Defying expectations, spot rates stay elevated
July 22, 2020
•Special to Land Line
Spot rates on DAT MembersEdge stayed elevated on most high-volume lanes last week despite a slight decline in volumes and a modest bump in capacity compared to the previous week. It’s an unusual pattern as volumes tend to diminish and capacity typically loosens from now through to early October.
Nationally, the number of available loads dipped 1.5% last week while truck posts increased 1.3%.
National average spot rates, July (rolling average including fuel)
- Van: $2.02 per mile, 21 cents compared to June.
- Flatbed: $2.18 per mile, up 11 cents.
- Reefer: $2.29 per mile, up 14 cents.
These are rolling averages through July 19 and include a fuel surcharge. Line-haul rates (the spot rate excluding a fuel surcharge) averaged $1.82 for vans, $1.94 for flatbeds, and $2.07 for reefers.
Trends to watch
Imbalanced freight networks
Contract and spot rates have not moved in sync as they normally do. Spot rates as of last week have risen faster since May and are now close to contract rates for all three major equipment types. This is a direct result of the ongoing COVID-19 pandemic, which points to more inconsistent freight volumes and unbalanced carrier networks in the short-term as shippers send more loads to the spot market to meet erratic demand and carriers increasingly become more selective about the contract loads they haul.
Retail van freight volumes
Average spot van rates were higher on 65 of DAT’s top 100 lanes by volume last week compared to the previous week while the volume of loads increased on 90 lanes. Pricing edged higher in several key retail freight hubs compared to the previous week:
- Allentown, Pa.: $2.36 per mile, up 16 cents.
- Los Angeles: $2.84, up 8 cents.
- Memphis: $2.48, up 8 cents on a 35% increase in load volumes.
- Houston: $1.94, up 3 cents.
Some examples of where prices are still rising last week:
- Dallas to Memphis, Tenn., jumped up 14% at an average of $1.85 per mile.
- Chicago to Buffalo, N.Y., was up 29 cents to $2.92.
Southern California vans
Los Angeles and Ontario, Calif. – key hubs for import traffic – saw a 19% drop in load posts from the peak on June 27 and are now back to seasonal levels. Just over 15% of Los Angeles and Ontario-outbound loads last week were destined for the major warehouse markets of Stockton and Phoenix, which is consistent with the staging of imports for back-to-school retail season.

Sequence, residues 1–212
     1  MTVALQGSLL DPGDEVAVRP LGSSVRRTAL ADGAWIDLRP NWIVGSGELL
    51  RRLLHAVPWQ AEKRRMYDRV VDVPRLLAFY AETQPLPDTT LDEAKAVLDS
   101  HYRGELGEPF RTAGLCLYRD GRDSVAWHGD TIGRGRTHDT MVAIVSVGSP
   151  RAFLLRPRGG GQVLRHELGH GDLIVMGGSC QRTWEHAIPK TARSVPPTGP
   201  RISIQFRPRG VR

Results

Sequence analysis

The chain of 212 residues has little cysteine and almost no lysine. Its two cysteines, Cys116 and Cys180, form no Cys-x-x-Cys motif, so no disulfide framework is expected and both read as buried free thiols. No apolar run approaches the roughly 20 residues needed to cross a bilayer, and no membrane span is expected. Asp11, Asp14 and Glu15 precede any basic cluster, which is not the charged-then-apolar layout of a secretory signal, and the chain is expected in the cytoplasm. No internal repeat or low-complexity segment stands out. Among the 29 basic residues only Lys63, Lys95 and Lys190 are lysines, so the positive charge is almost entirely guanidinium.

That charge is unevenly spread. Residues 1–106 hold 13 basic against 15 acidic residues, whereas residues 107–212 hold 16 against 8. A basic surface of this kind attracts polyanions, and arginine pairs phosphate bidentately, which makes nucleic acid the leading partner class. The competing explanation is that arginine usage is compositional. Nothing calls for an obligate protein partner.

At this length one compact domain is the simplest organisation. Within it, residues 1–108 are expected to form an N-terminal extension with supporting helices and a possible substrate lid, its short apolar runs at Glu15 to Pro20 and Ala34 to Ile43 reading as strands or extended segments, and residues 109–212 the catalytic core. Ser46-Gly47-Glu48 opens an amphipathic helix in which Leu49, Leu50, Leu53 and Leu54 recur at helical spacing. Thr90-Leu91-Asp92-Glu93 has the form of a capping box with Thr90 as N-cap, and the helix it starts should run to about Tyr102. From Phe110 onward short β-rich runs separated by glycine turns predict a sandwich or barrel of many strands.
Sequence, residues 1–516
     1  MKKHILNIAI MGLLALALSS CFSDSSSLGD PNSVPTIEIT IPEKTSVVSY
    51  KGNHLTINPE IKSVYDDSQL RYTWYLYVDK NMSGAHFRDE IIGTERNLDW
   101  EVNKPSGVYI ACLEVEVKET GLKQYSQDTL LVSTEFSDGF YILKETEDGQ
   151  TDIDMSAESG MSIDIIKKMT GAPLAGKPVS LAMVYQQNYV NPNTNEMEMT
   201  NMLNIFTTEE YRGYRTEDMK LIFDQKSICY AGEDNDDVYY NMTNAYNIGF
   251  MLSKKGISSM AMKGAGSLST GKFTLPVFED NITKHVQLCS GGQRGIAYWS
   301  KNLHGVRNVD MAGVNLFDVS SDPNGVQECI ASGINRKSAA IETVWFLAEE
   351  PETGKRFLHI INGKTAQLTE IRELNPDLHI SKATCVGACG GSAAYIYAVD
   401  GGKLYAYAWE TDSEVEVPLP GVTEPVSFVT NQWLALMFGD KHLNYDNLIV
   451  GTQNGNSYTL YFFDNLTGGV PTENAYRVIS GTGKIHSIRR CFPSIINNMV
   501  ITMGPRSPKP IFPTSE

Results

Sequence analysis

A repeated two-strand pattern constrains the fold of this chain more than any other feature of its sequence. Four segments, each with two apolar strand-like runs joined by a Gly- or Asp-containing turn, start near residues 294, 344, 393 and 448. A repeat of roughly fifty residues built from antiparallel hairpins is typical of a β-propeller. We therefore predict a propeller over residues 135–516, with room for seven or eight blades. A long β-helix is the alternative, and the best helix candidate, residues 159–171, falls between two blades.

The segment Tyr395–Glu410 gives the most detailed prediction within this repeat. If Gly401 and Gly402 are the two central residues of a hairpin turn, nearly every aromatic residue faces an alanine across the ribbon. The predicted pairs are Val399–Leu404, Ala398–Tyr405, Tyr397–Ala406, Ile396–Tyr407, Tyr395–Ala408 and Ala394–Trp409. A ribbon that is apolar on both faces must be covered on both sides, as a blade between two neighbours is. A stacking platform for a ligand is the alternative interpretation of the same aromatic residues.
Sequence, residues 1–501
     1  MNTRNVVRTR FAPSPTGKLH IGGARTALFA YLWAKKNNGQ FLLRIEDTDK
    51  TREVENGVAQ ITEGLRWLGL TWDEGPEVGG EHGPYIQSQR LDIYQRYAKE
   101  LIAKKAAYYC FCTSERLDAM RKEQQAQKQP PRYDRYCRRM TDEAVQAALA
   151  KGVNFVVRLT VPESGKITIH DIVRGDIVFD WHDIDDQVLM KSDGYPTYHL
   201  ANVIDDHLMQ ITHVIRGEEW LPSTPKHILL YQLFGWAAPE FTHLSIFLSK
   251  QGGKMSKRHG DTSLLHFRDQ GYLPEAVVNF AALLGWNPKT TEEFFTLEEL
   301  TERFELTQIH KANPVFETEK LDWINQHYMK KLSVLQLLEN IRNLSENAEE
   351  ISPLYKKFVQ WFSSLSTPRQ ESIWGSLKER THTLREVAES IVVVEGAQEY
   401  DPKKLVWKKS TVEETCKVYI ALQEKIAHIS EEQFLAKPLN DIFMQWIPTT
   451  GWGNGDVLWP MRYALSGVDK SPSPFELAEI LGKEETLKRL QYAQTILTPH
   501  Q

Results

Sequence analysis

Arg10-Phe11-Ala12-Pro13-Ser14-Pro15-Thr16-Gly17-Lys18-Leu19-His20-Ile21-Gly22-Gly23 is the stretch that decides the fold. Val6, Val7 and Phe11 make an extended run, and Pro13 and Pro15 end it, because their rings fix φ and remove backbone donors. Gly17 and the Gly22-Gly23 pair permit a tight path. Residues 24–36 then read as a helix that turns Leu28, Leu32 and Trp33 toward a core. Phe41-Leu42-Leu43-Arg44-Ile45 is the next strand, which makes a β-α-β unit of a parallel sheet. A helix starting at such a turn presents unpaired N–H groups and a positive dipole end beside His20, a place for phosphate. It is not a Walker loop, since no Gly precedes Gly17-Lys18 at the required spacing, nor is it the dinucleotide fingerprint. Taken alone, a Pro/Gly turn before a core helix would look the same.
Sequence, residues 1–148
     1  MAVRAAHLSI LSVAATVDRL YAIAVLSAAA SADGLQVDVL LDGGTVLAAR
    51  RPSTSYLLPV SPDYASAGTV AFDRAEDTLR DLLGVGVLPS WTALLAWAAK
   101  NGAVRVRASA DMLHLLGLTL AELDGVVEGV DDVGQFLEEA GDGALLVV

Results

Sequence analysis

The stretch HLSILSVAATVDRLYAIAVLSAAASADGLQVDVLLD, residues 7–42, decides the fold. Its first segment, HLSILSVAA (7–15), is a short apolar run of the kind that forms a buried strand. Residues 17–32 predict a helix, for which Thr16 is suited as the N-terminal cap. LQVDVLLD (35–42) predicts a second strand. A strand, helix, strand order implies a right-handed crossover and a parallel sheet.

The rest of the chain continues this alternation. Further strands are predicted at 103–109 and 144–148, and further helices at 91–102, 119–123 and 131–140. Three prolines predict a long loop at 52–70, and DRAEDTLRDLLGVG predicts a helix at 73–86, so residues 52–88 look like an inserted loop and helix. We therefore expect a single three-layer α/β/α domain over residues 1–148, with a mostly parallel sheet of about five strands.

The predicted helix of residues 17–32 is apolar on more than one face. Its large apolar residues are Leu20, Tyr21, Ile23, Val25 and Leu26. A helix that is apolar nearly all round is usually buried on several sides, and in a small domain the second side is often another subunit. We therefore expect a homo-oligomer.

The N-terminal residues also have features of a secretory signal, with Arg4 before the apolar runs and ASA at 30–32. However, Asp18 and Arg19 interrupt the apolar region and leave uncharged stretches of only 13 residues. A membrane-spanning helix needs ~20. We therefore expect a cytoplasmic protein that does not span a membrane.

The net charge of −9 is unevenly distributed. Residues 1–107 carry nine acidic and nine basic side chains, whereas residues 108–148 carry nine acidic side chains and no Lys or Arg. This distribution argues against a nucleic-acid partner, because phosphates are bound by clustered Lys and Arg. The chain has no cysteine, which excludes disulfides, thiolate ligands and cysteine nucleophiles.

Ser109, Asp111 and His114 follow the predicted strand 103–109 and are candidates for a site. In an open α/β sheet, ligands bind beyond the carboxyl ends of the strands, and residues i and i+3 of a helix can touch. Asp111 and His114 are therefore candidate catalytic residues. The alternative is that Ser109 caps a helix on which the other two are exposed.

Seasonal reefer spot rates
Average spot rates last week were higher on 33 of DAT’s top 72 reefer lanes by volume compared to the previous week. Nineteen lanes were neutral.
Reefer volumes on DAT’s top 72 lanes last week declined for the fourth consecutive week. The U.S. Department of Agriculture reported that seasonal truckloads of domestic produce fell 8% and imported produce fell 3%. That’s the equivalent of 4,868 fewer loads than the prior week. Produce volumes from Mexico continue to fall from their mid-June high, but are down 6% year over year due to decreased demand in the U.S. foodservice sector. Load volumes from the California produce markets of Fresno, Ontario, Stockton and San Francisco increased 9% week over week and are now up 28% over the last three weeks.
Reefer freight out of the Pacific Northwest is being driven by pears, cherries, apricots and potatoes, which is pushing demand out of Spokane, Wash.; Medford, Ore.; and Twin Falls, Idaho.
Flatbed volumes mixed
Flatbed load volumes were mixed last week, with 37 of the top 78 flatbed lanes trending higher compared to the previous week.
Volumes in the Southeast remain strong, however, especially from Alabama, Texas, Arkansas, Georgia, and Mississippi. Load posts last week out of the region topped 211,000, which represents a 17% week over week and 31% month over month increase. Spot rates are also up 15% over the last three weeks. In Texas, Fort Worth and Lubbock were hot markets for available trucks. The average rate on 58 origin-destination pairings increased from $1.90 to $2.09 per mile, with shorter, regional moves to Shreveport, La., and Little Rock, Ark., paying $3.23 and $2.94 respectively.
Tri-haul of the week
Spot van freight from Atlanta to Philadelphia averaged $2.77 a mile last week but the return was just $1.47, a fairly typical spread between the two directions. With higher spot rates on other lanes out of Philly, use the tri-haul tool in DAT MembersEdge to find a better-paying alternative back to Atlanta.
The top suggestion right now: Philadelphia to Elmira, N.Y., a key manufacturing area in upstate New York.
Philly to Elmira averaged $3.37 last week, and the lane from Elmira back down to Atlanta averaged $1.80. This tri-haul does add about 350 miles to the total trip, not counting any deadhead between drop-offs and pickups, but even if you just negotiate the average rate on the three loads, the rate per loaded mile jumps up 27 cents compared to the normal roundtrip. That works out to more than $1,200 in added revenue if you can make it work with your schedule.
Remember, these rates represent averages from last week, and this week will be different. Negotiate the best deal you can get on every haul, and look at the rates and load-to-truck ratios in MembersEdge to understand which way the rates are trending.
For the latest spot market updates related to COVID-19, visit DAT.com/industry-trends/covid-19 and follow @LoadBoards on Twitter. You can post comments on the DAT Freight Talk blog or on the DAT Facebook page. You can listen to the DAT MembersEdge report every Wednesday on Land Line Now.
Here’s the DAT report from late June.